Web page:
Review: ‘Honey’ by Nameless Theater

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“Clutch my pearls!” one audience member remarks toward the end of Nameless Theater’s motel-room drama, Honey, which has at least three throat-clutching twists during its less than 30-minute run time.

Palesa Pryor and Walter Parker Jr. in Honey. Photo courtesy of Nameless Theater.
Palesa Pryor and Walter Parker Jr. in Honey. Photo by Shot on Purpose Photography.

This pint-size show with a lot of punch is performed in an actual motel room at the Ivy City Hotel in D.C.’s up-and-coming Ivy City neighborhood. Nameless Theater specializes in presenting theater in unique locations. Its Happy Hour Theater has brought short performances to Heaven and Hell bar in Adams Morgan and Union Town bar in Anacostia, and the company is planning a Motel Series production in September that will offer three short performances in different hotel rooms. Nameless co-director (with Nia M. Barge) A’Leighsha C. Butler says its current production, with performances through April 14, is a sort of prototype for the series.

For Honey, audience members congregate in and outside the lobby of Ivy City Hotel for a pre-show spiel and shot of Jack Daniels Honey Whiskey before walking as a group across the hotel’s parking lot to a second-story room, which accommodates up to 12 audience members.

It’s an intimate show in an intimate space, and the closeness of the actors to the audience creates a heightened sense of excitement. The guests walk in on a man flipping through TV channels in a sleeveless undershirt and boxers on a king-size bed. As we take our seats around the small room, a young woman in a black teddy comes out of the bedroom, and asks him, “How was it?” We learn the man, John (Walter Parker Jr.), has been purchasing 17-year-old Honey’s (Palesa Pryor) sexual services on a weekly basis for two years. Tonight is different, though. John, a lonely 40ish truck driver, offers to pay her extra to stay and just talk with him. It is implied that this is the first time in their time together he’s made such a request.

Palesa Pryor and Walter Parker Jr. in Honey. Photo courtesy of Nameless Theater.
Walter Parker Jr. and Palesa Pryor in Honey. Photo by Shot on Purpose Photography.

The two banter about the nature of sex work, his life as a truck driver, her love of everything about honey and how “whores don’t have no fathers.” But, soon Honey starts talking about her childhood, and the first twist of the short evening comes. There’s not much else to say about the plot without giving away the payoff of seeing Honey in person.

Nameless’ co-directors created the production. Butler, the playwright, presents a script that is lyrical and smart, and Barge, the show’s director, makes the most of the small space with blocking that happens primarily on the bed, save for a final scene in the bathroom. The acting is stellar throughout. Pryor presents Honey as playful, deceptively uninhibited and troubled. Parker Jr. displays a range of emotions over the revelations of the conversation. I wanted more of everything.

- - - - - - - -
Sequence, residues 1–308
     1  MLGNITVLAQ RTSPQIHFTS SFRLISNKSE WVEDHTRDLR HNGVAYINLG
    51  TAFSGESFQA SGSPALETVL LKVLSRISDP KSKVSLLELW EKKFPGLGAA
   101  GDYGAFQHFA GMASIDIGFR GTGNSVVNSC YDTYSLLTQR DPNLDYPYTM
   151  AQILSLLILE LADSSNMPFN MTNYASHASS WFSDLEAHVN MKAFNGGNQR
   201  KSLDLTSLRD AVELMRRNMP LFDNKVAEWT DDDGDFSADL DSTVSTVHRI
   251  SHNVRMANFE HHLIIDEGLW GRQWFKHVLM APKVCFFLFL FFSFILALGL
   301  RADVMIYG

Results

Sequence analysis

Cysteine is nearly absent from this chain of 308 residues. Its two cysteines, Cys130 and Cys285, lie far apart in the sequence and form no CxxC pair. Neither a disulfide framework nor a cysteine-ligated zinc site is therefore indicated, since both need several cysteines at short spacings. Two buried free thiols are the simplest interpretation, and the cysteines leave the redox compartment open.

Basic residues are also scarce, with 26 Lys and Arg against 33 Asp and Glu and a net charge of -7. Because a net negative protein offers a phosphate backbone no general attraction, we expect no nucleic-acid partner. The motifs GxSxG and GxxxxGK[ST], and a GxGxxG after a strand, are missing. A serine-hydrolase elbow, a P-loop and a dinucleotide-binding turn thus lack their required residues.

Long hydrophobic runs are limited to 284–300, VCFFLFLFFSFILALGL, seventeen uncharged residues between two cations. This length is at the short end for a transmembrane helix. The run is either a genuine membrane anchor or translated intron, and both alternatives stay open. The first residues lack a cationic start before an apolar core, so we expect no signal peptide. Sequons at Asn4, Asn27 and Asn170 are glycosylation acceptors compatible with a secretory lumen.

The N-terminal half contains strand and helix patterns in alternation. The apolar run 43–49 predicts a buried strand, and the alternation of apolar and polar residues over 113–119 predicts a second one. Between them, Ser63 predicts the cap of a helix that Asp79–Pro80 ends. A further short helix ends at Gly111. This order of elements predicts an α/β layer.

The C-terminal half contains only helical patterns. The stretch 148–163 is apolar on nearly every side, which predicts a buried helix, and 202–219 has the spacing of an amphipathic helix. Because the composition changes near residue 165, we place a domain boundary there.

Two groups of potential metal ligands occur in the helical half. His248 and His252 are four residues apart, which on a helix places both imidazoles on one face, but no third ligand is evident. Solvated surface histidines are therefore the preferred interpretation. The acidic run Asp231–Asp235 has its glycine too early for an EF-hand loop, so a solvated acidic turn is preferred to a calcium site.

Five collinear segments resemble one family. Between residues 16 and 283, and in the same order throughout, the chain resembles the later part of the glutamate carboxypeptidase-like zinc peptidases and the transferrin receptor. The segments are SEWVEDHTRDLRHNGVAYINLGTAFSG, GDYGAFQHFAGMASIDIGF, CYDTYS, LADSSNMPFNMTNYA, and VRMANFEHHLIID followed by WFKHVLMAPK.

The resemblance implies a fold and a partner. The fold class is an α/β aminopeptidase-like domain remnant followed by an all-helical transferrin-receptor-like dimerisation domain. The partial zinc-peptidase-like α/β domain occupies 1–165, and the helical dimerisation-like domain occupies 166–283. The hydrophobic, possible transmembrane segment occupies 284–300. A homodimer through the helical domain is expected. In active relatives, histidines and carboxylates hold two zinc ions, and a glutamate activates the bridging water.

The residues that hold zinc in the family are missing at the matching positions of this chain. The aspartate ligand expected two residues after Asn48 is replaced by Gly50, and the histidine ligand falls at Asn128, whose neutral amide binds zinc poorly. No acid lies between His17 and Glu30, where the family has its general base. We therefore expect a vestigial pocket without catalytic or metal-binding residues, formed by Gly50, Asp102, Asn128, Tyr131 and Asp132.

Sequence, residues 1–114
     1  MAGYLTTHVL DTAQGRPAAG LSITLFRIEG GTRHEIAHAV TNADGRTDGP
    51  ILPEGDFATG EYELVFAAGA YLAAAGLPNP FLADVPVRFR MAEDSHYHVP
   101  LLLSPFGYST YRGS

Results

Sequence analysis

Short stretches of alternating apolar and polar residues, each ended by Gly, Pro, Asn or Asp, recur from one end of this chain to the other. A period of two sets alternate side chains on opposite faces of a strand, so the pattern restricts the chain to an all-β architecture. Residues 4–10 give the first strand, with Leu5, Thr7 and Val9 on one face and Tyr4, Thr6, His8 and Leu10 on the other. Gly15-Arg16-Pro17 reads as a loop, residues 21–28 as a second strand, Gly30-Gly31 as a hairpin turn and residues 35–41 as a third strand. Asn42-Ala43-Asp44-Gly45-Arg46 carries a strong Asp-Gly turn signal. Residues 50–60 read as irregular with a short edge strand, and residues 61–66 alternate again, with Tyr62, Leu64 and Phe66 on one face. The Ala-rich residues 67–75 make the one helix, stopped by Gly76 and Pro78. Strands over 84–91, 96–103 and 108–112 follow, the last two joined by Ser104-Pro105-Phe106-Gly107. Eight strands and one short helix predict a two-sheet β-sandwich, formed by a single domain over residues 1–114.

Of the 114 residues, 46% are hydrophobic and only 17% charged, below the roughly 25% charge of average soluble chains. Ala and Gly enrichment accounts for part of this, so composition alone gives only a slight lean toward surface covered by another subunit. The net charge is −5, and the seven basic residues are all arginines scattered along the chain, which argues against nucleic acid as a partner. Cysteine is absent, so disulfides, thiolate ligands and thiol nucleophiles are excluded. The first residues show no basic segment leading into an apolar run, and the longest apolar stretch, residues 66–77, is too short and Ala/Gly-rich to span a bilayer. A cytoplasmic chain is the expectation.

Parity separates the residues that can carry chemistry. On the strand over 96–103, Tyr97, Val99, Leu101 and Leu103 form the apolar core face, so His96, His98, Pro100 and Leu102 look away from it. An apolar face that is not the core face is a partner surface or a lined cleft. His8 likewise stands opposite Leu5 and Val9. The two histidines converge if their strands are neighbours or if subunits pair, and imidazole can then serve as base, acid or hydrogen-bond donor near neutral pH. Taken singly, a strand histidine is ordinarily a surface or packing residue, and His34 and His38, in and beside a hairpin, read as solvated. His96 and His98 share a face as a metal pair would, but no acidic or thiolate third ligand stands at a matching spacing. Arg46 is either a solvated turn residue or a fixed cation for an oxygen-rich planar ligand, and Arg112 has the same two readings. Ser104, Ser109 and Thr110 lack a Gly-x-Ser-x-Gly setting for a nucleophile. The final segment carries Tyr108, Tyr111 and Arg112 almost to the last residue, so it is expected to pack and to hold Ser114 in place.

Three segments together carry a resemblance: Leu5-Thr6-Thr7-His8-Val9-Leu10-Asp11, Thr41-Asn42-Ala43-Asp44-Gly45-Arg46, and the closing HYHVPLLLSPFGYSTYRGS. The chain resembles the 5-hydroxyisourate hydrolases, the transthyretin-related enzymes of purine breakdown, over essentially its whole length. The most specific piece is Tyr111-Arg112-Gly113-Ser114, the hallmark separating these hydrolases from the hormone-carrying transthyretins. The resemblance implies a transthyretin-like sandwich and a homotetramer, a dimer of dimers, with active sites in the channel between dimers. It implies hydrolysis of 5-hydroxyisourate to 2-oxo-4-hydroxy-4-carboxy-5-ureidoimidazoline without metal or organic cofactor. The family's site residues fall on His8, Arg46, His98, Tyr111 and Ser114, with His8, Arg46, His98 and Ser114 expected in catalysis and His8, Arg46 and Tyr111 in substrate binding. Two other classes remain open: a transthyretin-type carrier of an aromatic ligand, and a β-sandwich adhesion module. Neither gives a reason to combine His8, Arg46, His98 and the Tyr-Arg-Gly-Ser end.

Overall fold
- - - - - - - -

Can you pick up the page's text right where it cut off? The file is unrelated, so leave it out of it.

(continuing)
All of the pieces of the show are so satisfying, it was disappointing when it wrapped in less than 30 minutes (especially after driving 50 minutes each way from Baltimore to see it). The drama happens so quickly, the story could benefit from more breathing room to have even more of an impact. I wanted to see more of the nature of the pair’s established relationship before it started changing with each revelation. However, the impressive script, acting chops and intimate space make Honey worth driving nearly two hours for, even if it’s just for a taste of this exciting company’s work.

Running Time: About 30 minutes.

Honey, presented by Nameless Theater, plays through April 14, 2018, at Ivy City Hotel – 1615 New York Ave NE, Washington, DC. To purchase tickets, go online.

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Cassandra Miller
Cassandra Miller is a writer, editor, and publicist dedicated to amplifying the arts through her work as the president of CultuRally Communications and as a contributing writer to publications including DC Metro Theater Arts, Baltimore magazine, Bmore Art and The Washington Post. After teaching English in Italy and the Czech Republic in her early 20s, she applied her journalism degree from Boston University to a position as a daily newspaper section editor and founder and editor-in-chief of an arts and entertainment alternative weekly in her native upstate New York before moving to Baltimore five years ago. She has more than 10 years experience working in the journalism and marketing/PR fields at organizations such as Baltimore Center Stage, the Greater Baltimore Committee, Visit Baltimore and The Washington Post. She has been in love with theater since she performed as both Maria and Mother Superior in a sixth-grade summer camp production of "The Sound of Music."